THE PAW PRINT Fall 2018 • Wilde Lake High School, 5460 Trumpeter Rd. Columbia, MD 21044 • Volume 46, Issue 1
Administration Looks for Long Term Solutions to Behavior Problems By Rebecca Nason In an attempt to reduce suspension and detention rates, while also improving relationships between students and staff members, Wilde Lake administration is training teachers to implement a new community building model called restorative justice. According to Mr. Wilson, students should expect less referrals and more conversations. According to Mr. Wilson, restorative justice aims to show why an action was wrong, how it hurt others, and how students can work to repair that hurt. Through engaging in community building activities such as class circles and open discussion teachers aim to build strong relationships with students. Understanding why a student acted in a particular way is emphasized. Mr. Wilson said that “In [restorative justice], we’re aiming to do stuff with students, rather than doing stuff to students. The administration is working to form a firm foundation with the staff, rather than starting with the students. As staff learns about restorative justice and begins to use its policies
in their classrooms, Mr. Wilson believes that, long-term, “A lot of positive outcomes will come [from restorative justice].” Some worry about the transition period and overall effectiveness of restorative justice. “Short term, it looks frustrating for teachers because it looks as though students are getting a free pass,” said Science teacher Ms. Alcaraz. Senior David Gaiano said, “People think they can get away with more now because they won’t get punished.” G/T resource teacher Ms. Dixon believes that restorative justice will positively impact her classroom dynamic. “There’s less attention on the little things, so teachers can focus.” Sophomore Joselyn Cruz agrees, saying that, “Repeat offenders who get detention just keep doing what they do, so it doesn’t really matter. I think through restorative justice they’ll realize it does.” In Ms. Volpe’s G/T U.S. History class, freshman Jocelyn Hibbard has seen improved classroom dynamics as a result of restorative circles, “Because we get to know each other Ms. Volpe (third from right) leads her US History in a restorative circle. A ball is passed better,” she said. “The teacher knows more around to indicate that it is the speaker’s turn to talk. (Photo by The Paw Print staff) about us and we know more about the teacher. “It causes more respect among everyone.”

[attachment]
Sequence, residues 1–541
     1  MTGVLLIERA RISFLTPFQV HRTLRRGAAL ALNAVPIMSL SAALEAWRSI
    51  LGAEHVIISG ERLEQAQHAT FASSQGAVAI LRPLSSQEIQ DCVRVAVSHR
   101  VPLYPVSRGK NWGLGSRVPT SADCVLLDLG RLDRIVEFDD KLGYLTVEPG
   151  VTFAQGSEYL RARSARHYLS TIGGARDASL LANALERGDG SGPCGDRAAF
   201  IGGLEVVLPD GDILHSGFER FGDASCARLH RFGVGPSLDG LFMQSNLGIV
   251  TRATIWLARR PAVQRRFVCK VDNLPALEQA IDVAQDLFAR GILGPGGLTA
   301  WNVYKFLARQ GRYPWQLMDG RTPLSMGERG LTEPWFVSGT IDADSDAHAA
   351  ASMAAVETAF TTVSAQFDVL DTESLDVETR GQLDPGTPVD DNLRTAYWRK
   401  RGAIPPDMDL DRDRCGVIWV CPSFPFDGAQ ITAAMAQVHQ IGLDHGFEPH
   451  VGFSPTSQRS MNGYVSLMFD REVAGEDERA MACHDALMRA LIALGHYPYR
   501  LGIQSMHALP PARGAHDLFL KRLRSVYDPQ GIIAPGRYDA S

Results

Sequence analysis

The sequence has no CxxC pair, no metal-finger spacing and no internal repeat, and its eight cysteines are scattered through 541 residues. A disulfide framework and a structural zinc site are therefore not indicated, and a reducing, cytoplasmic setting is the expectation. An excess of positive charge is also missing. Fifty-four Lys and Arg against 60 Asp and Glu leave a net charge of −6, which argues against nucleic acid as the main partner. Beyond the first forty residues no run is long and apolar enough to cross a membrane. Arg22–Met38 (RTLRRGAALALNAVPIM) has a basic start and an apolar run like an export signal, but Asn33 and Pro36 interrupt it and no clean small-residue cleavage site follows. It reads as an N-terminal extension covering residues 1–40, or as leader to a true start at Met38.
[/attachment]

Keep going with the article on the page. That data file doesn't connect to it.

In Response to Safety Concerns, Wilde Lake Locks Its Doors to Early Arrivers
Students arrive as early as 6:30 and wait outside of locked doors until 7:10. (Photo by The Paw Print staff)
By Rachel Henry and Hope Kahn Every morning at 7:10 a.m., the Wilde Lake doors unlock and students cram together to enter the school building. This year, administration is not allowing students to enter the building until 7:10, the contracted teacher start time. According to Mr. Wilson, this is to ensure the safety of the students “It minimizes the opportunity for someone who doesn’t belong in Wilde Lake to be in our building,” he said. Last year, students were allowed to enter the building as early as 6:15. Students gathered on mainstreet,
went to the media centered to hang out and complete work, and visited teacher classrooms. This year, bus riders wait on busses until they are released and walkers wait outside the doors until 7:10. Junior Zoe Davidson waits on her bus for 15 minutes after arriving at school. “I wish the buses would come later to my house so that I could have more time in the morning,” she said. When winter weather conditions worsen, administration says they will allow students to congregate in an appropriate area such as the cafeteria instead of waiting outside. According to junior Haley Lynch,